Decision due on Belturbet Wastewater Treatment Plant
Cavan County Council planning department is set to make a decision on the Belturbet water plant trial of reed beds as a water treatment exercise.
Irish Water submitted plans to the local authority in January notifying to develop a “research pilot project” at the Belturbet Wastewater Treatment Plant.
Irish Water's trial of a research pilot project at Belturbet Wastewater Treatment Plant would see the installation of reed beds as a way of sustainably managing water treatment sludge.
If approved this will see six reed beds installed at the facility at Naughan, on the outskirts of the Erneside town.
A submission was lodged in January by Irish Water with Cavan County Council detailing the proposal which is to construct Alum Sludge Drying Reed Beds Small Scale Trial Facility consisting of six Sludge Drying Reed Beds (SDRB), each 11.0m2 in size.
A spokesperson for Irish Water said: “The research project will look at how Irish Water can improve ways in which residual materials arising from producing drinking water can be managed. Irish Water plans to investigate if reed beds consisting of layers of gravel and sand planted with reeds will be effective in separating solids from water treatment residuals.”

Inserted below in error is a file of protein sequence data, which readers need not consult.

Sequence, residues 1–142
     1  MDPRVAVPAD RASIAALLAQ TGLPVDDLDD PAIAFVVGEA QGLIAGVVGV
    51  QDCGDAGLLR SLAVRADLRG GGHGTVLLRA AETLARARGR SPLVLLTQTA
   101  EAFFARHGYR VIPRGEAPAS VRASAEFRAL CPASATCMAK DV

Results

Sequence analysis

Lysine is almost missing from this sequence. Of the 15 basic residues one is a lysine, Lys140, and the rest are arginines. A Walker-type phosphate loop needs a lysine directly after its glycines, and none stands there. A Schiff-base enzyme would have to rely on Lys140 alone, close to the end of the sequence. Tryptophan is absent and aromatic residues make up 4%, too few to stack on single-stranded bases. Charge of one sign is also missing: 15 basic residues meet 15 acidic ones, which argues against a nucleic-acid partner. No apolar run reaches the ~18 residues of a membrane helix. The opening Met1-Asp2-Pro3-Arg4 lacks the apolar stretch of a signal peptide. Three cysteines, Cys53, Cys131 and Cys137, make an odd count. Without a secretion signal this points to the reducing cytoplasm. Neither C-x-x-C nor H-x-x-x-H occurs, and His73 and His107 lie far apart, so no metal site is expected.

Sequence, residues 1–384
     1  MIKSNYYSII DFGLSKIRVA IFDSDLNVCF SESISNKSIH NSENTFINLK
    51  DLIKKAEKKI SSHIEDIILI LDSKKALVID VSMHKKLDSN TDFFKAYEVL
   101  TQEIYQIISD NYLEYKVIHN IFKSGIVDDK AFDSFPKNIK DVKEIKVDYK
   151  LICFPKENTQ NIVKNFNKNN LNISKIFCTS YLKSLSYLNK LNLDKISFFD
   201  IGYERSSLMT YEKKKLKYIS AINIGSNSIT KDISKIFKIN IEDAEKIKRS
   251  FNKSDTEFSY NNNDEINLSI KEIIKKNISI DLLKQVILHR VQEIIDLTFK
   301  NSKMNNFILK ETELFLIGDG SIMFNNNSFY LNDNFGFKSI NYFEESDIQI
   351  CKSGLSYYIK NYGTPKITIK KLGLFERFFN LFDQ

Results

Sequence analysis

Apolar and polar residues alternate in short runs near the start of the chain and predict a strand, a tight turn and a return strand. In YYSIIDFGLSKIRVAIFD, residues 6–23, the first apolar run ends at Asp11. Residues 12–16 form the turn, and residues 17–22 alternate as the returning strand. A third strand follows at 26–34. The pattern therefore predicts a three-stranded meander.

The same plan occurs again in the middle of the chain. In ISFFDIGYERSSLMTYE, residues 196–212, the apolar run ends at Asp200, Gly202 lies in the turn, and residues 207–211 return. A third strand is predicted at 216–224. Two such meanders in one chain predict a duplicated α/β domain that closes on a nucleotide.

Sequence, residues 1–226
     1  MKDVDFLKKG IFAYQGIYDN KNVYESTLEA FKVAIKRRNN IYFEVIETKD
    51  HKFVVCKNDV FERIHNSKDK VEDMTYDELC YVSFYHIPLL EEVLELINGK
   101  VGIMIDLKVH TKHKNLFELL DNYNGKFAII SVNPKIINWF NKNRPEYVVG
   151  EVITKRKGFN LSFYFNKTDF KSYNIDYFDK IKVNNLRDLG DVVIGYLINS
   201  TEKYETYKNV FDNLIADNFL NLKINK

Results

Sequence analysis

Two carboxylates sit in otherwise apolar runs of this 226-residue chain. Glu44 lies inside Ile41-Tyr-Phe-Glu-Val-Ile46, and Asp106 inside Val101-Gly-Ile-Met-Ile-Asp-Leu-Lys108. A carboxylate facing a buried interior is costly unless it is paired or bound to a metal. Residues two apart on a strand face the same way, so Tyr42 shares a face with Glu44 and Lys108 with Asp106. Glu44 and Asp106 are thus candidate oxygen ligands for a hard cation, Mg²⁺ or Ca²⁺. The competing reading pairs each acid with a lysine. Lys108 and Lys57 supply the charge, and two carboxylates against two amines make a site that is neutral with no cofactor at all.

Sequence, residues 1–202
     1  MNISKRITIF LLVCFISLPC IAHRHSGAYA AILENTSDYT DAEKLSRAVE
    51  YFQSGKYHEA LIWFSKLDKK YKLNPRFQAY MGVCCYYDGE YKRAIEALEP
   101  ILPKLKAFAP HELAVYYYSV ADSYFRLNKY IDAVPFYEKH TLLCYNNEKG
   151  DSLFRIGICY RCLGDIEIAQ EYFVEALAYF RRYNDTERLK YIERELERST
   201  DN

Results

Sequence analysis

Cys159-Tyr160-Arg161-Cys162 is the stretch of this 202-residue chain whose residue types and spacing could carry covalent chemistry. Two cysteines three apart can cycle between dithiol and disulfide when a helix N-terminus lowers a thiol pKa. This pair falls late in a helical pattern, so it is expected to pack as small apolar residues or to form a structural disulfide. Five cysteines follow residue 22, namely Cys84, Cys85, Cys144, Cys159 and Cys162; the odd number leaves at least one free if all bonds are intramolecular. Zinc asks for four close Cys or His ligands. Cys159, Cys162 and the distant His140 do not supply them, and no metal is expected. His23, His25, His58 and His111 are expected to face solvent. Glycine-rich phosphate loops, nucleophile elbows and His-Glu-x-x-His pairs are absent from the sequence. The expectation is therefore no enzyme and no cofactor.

The SDRB process is based on a natural treatment process in which the reeds system naturally treats the sludge, and provides a sustainable and cost-effective solution for the long term treatment of wastewater sludge.
The daily operation and maintenance of the systems will be minimal, only requiring the beds to be emptied once every 10 years. The process reduces transport movements and emissions, while also substantially reducing costs associated with the treatment process.
Other beneficial characteristics of this process ate that it would be a more cost effective way to manage and dewater the residues compared with current methods; provide a habitat that will support a wide range of biodiversity; and act as natural carbon sequester, removing carbon from the atmosphere.
The use of reed beds would furthermore reduce the need for chemicals within the treatment process, and hopefully produce a cleaner filtrate material than conventional systems. The research would take approximately three years to complete. A decision on the proposal is expected this week.